Author Claire Ridgway has written a very interesting post about Jane Seymour. Was she really the good, innocent and boring woman she’s portrayed to be?
Bound to Obey and Serve – Jane the Meek and Mild?
It is clear from Jane’s motto that she wanted to be the submissive wife and queen, in contrast to the “Most Happy” Anne Boleyn who had a “sunshine and showers” relationship with Henry, one of passion and rages. Antonia Fraser describes her as “naturally sweet-natured” and writes of her main characteristics being “virtue and common good sense”. Fraser goes on to say that “Jane was exactly the kind of female praised by the contemporary handbooks to correct conduct; just as Anne Boleyn had been the sort they warned against,”. However, Alison Weir points out that “Beneath her outward show of humility, there was steel, even though it was confined to the domestic sphere only” – she may have been mild-mannered but she was capable of being strict with her household and also capable of standing up to her husband at times, although her common sense told her when to shut up, i.e. she listened to Henry when he threatened her, by reminding her of what had happened to wife number two, and learned to be submissive to her husband and master. Where Anne would have told Henry just what she thought, Jane curbed her tongue and accepted her place as the dutiful wife, but then she did have the benefit of knowing what Henry was capable of! Henry was bad-tempered and had mood swings and Jane was sensible enough to realise that he needed humouring and needed his ego massaging – where Anne could be impatient, Jane was soothing.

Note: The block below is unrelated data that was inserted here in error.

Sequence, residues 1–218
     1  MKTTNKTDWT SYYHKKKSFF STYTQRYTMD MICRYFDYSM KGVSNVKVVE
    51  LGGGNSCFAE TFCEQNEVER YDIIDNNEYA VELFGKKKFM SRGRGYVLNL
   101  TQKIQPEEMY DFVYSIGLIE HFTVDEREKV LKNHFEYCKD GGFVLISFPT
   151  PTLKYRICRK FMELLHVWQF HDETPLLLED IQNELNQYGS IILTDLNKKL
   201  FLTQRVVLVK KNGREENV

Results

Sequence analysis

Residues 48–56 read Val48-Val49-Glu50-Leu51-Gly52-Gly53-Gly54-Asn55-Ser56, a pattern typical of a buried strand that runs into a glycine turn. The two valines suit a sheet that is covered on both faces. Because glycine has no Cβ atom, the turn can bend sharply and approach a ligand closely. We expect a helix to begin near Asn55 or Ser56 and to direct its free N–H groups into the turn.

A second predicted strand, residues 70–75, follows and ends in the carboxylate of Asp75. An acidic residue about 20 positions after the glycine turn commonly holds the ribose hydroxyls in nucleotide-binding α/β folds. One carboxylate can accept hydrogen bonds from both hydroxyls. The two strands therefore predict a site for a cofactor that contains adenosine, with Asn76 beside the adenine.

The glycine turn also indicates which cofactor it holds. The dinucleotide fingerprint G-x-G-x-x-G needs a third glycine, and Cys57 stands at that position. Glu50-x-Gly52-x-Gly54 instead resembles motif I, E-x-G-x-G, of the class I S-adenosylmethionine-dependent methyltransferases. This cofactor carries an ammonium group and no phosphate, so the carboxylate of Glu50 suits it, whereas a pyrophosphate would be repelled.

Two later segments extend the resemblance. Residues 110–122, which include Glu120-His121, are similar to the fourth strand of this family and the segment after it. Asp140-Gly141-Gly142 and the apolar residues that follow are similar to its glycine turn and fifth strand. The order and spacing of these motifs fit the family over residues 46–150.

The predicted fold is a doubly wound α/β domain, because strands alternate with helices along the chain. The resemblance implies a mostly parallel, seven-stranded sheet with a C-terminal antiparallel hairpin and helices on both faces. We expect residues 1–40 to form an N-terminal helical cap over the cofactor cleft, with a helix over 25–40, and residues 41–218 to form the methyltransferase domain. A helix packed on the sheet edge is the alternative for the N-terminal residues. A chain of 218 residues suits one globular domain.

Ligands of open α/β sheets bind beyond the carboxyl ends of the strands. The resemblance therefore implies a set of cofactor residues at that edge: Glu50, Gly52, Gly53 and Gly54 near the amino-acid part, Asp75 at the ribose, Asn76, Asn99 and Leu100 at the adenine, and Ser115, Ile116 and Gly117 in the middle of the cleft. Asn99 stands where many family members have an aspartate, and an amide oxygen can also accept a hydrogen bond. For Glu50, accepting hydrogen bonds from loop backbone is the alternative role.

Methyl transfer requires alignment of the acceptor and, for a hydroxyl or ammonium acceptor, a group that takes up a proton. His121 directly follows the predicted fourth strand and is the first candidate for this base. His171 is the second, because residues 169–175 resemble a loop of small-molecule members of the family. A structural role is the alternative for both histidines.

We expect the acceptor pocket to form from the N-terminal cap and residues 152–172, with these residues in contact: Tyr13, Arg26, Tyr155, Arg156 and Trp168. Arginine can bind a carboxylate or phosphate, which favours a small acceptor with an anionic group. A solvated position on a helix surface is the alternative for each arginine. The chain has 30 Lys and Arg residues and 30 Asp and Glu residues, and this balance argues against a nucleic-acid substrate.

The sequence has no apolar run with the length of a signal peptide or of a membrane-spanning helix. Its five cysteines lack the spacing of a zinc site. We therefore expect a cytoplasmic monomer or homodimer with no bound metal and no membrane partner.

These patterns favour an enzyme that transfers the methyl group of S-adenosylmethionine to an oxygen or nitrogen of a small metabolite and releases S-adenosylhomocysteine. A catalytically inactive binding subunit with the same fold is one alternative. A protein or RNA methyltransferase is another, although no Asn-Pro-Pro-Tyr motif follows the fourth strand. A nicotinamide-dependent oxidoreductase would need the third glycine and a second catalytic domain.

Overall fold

Henry’s True Love
Henry VIII called Jane his true love and true wife, he chose Jane’s image to be portrayed as his wife and queen in the Whitehall Family Portrait, even though he was married to Catherine Parr at the time, and he chose to be laid to rest next to Jane, so it is hard to argue with that and say that she was not Henry’s true love. However, he was only involved with Jane for around 18 months, if that, so the relationship cannot be compared with his marriage to Catherine of Aragon, which lasted for nearly 24 years, and his relationship with Anne Boleyn, which lasted about 10 years. Henry did not have time to get tired of Jane and the fact that she died after giving him the precious gift of a son probably made Henry look back on their relationship with rather rose tinted spectacles! There is no doubt, however, that he loved and respected her and his behaviour after her death, locking himself away from the world, shows that he really was grief-stricken.
To read the entire article, click here.